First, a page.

Tuco Salamancas, Breaking Bad, AMC.

Mary Beard notes repeatedly that the historical record on Alexander is murky, relying on a small canon of extant primary sources, and the culture of misapprehension in the writing of history in the classical world:

“Specialists in this tiny period of ancient history… were still committed to reconstructing “what really happened,” on the basis of the vivid but deeply unreliable literary sources that have survived… All the narrative accounts of Alexander’s conquests that we have were written hundreds of years after his death, and the historian’s project has usually been to identify the passages within them that might derive from some reliable, but lost, contemporary account—whether the Journals of Alexander’s secretary, which were supposed to have given an account of his final “illness,” or the history of the period written by Ptolemy, the man who was responsible for hijacking Alexander’s corpse and installing it in the capital of his own realm, Alexandria.

“… Some of the writing was almost certainly forgery (the Journals are a good candidate for being at least a pastiche); some of it, so far as we can tell from critics in the ancient world itself, was simply very bad history… The result is that the historical edifice we know as “Alexander’s career” is extremely flimsy and modern scholars have been attempting to squeeze it for answers to questions that it could never deliver—not only what motivated him, but did he really love his wife Roxane, or believe that he was the son of the god Amun? This is not a game of history, but of smoke and mirrors.”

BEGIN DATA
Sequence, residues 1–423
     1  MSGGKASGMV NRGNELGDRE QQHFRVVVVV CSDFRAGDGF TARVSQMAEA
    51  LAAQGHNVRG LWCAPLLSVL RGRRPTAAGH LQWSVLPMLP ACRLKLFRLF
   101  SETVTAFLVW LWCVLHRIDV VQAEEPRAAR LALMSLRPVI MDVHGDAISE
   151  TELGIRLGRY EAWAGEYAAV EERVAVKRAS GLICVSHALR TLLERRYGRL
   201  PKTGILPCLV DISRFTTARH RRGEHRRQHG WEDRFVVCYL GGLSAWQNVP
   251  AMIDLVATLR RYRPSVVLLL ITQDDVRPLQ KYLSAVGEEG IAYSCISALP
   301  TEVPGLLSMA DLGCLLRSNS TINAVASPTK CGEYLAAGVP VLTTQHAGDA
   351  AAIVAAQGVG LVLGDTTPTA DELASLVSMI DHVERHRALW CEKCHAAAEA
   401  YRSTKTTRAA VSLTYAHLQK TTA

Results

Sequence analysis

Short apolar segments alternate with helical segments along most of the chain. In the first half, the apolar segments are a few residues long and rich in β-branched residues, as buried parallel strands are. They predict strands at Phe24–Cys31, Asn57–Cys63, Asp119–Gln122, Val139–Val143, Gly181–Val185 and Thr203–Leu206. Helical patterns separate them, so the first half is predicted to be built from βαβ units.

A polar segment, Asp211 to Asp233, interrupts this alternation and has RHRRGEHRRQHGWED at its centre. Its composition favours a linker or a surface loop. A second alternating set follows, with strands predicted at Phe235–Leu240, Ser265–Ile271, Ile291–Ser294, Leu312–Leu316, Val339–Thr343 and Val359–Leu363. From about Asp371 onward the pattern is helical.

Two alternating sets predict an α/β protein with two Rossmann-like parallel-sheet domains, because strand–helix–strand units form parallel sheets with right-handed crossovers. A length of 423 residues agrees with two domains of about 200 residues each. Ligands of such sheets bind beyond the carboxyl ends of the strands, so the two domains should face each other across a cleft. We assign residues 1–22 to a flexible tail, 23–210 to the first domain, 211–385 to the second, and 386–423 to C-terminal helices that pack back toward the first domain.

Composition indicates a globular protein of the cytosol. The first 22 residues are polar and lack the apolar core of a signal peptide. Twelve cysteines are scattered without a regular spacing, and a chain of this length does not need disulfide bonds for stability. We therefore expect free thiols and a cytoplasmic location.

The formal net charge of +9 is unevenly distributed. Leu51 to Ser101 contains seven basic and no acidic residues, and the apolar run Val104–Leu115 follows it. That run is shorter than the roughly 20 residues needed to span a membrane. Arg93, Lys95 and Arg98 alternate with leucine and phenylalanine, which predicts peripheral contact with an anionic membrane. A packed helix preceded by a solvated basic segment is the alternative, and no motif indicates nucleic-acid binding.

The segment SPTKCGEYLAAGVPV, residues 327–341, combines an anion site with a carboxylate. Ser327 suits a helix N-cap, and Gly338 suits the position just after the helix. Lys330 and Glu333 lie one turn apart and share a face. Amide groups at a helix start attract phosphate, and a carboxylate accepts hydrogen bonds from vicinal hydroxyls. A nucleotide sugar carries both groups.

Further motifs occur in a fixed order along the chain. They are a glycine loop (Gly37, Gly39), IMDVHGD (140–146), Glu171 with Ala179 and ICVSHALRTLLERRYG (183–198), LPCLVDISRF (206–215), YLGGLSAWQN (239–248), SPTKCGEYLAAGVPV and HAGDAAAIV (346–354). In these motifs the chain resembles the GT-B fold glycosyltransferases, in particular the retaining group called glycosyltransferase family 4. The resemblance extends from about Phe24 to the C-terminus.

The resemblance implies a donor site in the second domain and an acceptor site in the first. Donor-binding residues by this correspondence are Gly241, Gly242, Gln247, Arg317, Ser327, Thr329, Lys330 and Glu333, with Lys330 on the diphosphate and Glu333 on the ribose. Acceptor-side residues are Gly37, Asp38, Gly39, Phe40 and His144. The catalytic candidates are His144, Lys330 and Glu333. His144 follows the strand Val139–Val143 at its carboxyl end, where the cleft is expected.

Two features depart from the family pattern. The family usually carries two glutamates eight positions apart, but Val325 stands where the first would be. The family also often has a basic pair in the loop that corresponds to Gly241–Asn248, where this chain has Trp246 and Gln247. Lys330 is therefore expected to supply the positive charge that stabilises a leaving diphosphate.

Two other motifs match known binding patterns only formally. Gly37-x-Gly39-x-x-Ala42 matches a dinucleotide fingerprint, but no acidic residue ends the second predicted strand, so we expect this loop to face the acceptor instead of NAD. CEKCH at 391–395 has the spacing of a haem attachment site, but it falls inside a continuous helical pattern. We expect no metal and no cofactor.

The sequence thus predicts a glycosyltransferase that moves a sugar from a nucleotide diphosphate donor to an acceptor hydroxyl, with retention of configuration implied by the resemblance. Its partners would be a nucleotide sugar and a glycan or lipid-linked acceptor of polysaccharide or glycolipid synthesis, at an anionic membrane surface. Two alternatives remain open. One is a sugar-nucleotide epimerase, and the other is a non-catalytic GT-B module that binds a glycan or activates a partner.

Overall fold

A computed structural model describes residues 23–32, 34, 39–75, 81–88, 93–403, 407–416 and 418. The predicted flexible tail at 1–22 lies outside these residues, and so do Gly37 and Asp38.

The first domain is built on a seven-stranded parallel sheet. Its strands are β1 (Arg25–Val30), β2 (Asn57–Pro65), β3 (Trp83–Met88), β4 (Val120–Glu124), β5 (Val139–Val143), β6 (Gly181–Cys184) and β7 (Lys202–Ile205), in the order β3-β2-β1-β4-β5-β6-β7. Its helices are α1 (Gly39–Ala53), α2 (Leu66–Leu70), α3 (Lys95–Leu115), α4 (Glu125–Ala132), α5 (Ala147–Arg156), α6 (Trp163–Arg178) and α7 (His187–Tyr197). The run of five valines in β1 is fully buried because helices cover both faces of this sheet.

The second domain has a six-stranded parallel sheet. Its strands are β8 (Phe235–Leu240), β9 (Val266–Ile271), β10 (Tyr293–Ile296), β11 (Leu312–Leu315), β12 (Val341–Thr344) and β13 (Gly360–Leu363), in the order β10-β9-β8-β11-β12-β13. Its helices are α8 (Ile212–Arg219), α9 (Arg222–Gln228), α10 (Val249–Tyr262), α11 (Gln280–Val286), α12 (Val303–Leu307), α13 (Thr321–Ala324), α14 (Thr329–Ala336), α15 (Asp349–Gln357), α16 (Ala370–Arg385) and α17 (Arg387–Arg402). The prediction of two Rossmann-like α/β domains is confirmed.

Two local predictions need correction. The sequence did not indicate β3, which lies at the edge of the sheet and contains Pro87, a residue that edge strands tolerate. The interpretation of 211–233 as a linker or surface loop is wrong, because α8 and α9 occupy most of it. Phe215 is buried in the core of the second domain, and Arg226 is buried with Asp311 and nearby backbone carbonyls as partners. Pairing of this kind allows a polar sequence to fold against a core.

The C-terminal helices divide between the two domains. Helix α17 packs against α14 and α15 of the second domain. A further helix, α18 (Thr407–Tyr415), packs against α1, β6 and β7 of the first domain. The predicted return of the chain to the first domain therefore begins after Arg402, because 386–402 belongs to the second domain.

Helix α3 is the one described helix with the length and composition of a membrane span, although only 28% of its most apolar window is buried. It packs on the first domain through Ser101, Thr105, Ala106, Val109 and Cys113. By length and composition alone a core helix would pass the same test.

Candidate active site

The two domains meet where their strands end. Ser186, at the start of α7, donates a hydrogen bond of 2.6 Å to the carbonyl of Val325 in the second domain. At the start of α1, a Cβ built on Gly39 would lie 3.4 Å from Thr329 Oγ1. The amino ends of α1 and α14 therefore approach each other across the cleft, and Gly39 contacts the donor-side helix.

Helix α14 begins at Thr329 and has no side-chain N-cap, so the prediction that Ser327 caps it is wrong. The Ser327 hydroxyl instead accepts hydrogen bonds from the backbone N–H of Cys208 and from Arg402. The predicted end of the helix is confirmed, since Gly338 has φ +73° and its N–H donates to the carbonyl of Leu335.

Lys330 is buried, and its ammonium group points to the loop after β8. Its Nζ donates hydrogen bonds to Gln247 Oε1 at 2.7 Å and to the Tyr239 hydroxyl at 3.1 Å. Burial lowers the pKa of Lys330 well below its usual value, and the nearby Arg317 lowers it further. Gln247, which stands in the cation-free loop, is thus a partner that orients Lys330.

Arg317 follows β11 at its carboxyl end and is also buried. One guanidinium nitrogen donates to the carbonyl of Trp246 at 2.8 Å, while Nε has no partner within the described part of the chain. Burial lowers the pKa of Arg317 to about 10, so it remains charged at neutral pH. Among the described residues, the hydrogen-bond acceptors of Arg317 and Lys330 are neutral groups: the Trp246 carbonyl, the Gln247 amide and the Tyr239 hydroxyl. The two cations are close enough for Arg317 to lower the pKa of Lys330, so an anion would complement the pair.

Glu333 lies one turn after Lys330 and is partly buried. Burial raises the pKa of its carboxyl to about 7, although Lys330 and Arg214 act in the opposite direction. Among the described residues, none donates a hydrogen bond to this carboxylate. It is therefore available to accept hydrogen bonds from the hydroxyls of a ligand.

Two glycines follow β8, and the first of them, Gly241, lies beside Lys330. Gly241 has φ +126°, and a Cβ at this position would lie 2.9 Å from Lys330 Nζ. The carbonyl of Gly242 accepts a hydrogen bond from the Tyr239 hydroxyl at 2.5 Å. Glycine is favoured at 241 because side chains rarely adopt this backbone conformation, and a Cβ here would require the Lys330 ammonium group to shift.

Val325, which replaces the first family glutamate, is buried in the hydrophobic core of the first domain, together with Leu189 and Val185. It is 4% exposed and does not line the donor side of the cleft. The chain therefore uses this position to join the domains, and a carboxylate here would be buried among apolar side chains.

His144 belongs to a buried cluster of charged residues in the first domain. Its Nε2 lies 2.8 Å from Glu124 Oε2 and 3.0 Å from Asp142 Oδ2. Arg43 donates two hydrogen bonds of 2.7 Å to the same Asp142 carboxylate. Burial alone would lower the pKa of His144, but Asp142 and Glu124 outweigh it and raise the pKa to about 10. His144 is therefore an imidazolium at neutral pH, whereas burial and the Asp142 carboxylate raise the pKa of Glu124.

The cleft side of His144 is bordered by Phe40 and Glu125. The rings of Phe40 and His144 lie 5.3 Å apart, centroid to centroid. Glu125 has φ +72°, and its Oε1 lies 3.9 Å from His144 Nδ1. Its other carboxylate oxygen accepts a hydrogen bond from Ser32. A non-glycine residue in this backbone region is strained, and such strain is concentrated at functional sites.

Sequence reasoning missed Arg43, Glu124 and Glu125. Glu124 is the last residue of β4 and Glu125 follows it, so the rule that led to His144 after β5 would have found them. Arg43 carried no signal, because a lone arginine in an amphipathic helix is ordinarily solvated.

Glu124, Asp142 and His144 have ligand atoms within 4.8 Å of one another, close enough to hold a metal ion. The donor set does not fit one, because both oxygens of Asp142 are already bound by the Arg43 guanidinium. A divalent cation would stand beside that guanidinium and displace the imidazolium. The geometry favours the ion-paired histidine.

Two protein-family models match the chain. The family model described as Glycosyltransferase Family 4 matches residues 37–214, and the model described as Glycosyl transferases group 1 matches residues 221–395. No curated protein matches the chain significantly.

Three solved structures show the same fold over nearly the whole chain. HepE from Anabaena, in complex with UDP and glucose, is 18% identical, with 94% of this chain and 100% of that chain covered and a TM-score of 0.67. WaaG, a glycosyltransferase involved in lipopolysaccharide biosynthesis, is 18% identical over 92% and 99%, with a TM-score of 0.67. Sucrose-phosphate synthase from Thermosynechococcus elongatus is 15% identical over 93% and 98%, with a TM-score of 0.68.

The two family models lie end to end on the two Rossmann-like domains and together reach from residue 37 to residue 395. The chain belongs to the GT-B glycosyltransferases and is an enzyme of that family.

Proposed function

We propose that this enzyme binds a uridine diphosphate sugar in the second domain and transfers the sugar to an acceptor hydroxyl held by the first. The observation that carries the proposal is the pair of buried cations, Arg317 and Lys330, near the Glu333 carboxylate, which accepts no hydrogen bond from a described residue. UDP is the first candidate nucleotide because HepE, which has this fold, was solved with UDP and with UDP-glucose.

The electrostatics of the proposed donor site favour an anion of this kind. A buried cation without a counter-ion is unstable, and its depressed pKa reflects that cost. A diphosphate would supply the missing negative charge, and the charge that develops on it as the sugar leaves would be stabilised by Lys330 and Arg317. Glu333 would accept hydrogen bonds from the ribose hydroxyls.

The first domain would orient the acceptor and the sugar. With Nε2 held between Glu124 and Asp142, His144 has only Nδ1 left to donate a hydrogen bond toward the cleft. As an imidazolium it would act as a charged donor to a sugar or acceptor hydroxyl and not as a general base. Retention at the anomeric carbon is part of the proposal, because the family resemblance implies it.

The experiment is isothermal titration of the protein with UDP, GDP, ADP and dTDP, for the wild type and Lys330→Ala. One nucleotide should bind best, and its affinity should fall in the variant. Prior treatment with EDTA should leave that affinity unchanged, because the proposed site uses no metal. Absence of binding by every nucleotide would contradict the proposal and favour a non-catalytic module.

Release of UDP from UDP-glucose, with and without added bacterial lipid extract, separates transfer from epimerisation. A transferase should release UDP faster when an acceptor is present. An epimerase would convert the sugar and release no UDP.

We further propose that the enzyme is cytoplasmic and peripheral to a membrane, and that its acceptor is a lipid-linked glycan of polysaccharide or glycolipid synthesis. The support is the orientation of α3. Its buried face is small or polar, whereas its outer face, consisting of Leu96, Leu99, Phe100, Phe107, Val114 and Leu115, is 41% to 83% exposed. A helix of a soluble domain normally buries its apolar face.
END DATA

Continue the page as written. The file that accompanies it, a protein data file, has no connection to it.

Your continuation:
William Finnegan mentions a similar problem of “smoke and mirrors:” 

“When Mexicans discuss the news, they talk often about pantallas—screens, illusions, behind which are more screens, all created to obscure the facts. Peña Nieto is depicted, in cartoons, as a carnival mask behind which laughs Carlos Salinas de Gortari, a former President, who is still regarded as enormously powerful. I can’t count the number of times I have asked someone about a news story and been told, ‘Pantalla.’”

In 2009, the city of Skopje, in the Former Yugoslav Republic Of Macedonia, asserted the birthplace of Alexander within their ethnic boundaries, and planned to rename an airport after the warrior.  This incited “several hundred academics, mostly classicists,” to write a letter to President Obama contending that Alexander was “thoroughly and indisputably Greek,” and not a Slav.  Apparently the President has not responded.

This past July 20 is said to be Alexander’s birthday, b. 356 BCE.

“The Kingpins,” William Finnegan, July 2, 2012.
“Alexander: How Great?” Mary Beard, NYRB.